O Come, O Come, Emmanuel

O Come, O Come, Emmanuel is one of my favorite hymns.

Since we’re in the season of Advent, and approaching its end, I’d like to share the origin and meaning of this hymn.

This favored Christmas carol is no carol at all.

It’s a hymn for the season of Advent — the liturgical season that is about so much more than simply preparing for Christmas. During these short four weeks, the Church has historically focused on our Lord Jesus Christ as the fulfillment of all prophecy and human yearning as she anticipates not only the celebration of his incarnation at Christmas but also as she waits in hope for his glorious return at the end of time.

The verses of O Come, O Come, Emmanuel are taken from seven ancient antiphons that the Church has used in her Evening Prayer liturgy since well before the ninth century. Every year, from Dec. 17 to 23, the Church’s liturgy enters a more intense and proximate preparation for Christ’s coming at Christmas. This shift is noticeable in the readings at Mass during these days, but also in the Church’s Liturgy of the Hours, specifically at evening prayer. Every evening during that week, the Church prays one of what have become known as the great “O Antiphons” before reciting Our Lady’s Magnificat canticle.

The O Antiphons invoke Our Lord using imagery taken from the Old Testament…

Each of these O Antiphons is a beautiful prayer in itself, but each also demonstrates exactly how the Church has come to understand Christ’s relationship to the promises and images of God so prevalent in the Old Testament…

The O Antiphons are much more than simple refrains to be chanted before Our Lady’s Magnificat or to serve as verses in an Advent hymn. They reveal the mysteries of Christ already being revealed in the power and glory of God in the Old Testament…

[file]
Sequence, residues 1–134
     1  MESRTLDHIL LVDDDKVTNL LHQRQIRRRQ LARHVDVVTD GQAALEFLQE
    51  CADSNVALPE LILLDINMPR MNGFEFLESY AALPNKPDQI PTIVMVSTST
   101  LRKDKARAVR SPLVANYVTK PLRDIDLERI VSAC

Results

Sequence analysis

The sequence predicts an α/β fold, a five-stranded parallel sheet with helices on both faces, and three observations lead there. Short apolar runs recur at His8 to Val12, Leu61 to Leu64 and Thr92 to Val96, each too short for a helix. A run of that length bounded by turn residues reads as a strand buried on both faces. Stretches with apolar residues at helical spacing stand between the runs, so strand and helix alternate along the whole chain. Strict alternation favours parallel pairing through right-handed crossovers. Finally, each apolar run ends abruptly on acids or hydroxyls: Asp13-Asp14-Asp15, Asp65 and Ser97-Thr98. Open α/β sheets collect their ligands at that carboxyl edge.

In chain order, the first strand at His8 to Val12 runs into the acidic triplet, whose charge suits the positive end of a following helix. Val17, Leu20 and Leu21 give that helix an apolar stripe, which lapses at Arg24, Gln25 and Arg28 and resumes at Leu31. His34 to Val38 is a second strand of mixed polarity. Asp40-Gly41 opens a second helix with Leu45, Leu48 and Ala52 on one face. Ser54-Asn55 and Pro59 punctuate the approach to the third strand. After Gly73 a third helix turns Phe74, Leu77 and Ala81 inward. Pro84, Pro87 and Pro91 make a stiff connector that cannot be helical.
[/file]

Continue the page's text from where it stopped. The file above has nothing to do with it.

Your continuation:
These great antiphons remind us that there is so much more to Advent than preparing for Christmas. They remind us that Christ is the focal point of salvation history, and, in fact, of all world history, because he is Emmanuel — “God with us.”

The wisdom of God is exactly such that the Lord creates us to be in relationship with him in order to bring light not only to our lives, but to the world. Every year the Church gives us these four weeks so that we might remember in an intense way what we should be living every day: in preparation, anticipation and joyful hope that the Lord will come to us and save us.

Excerpts from the article “The Beauty and Power of the O Antiphons” by Father Thomas Petri, OP.

The hymn was originally written in Latin but has since been translated into various languages.

Now that we know the origin and meaning, I’d like to share the complete English text with you.

You can also listen to it. Please note: most versions don’t include all seven verses and translations vary.

May this hymn touch our souls so we may long for the Lord this season and every day throughout the year.

Basilica of the Annunciation, Nazareth, Israel. Photo from a friend

O Come, O Come, Emmanuel

O come, O come, Emmanuel,
And ransom captive Israel,
That mourns in lonely exile here
Until the Son of God appear.

Rejoice! Rejoice! Emmanuel
Shall come to thee, O Israel!

O come, Thou Wisdom, from on high,
And order all things far and nigh;
To us the path of knowledge show,
And teach us in her ways to go.

Rejoice! Rejoice! Emmanuel
Shall come to thee, O Israel!

O come, o come, Thou Lord of might,
Who to thy tribes on Sinai’s height
In ancient times did give the law,
In cloud, and majesty, and awe.

Rejoice! Rejoice! Emmanuel
Shall come to thee, O Israel!

O come, Thou Rod of Jesse’s stem,
From ev’ry foe deliver them
That trust Thy mighty power to save,
And give them vict’ry o’er the grave.

Rejoice! Rejoice! Emmanuel
Shall come to thee, O Israel!

O come, Thou Key of David, come,
And open wide our heav’nly home,
Make safe the way that leads on high,
That we no more have cause to sigh.

Rejoice! Rejoice! Emmanuel
Shall come to thee, O Israel!

O come, Thou Dayspring from on high,
And cheer us by thy drawing nigh;
Disperse the gloomy clouds of night
And death’s dark shadow put to flight.

Rejoice! Rejoice! Emmanuel
Shall come to thee, O Israel!

O come, Desire of nations, bind
In one the hearts of all mankind;
Bid every strife and quarrel cease
And fill the world with heaven’s peace.

Rejoice! Rejoice! Emmanuel
Shall come to thee, O Israel!

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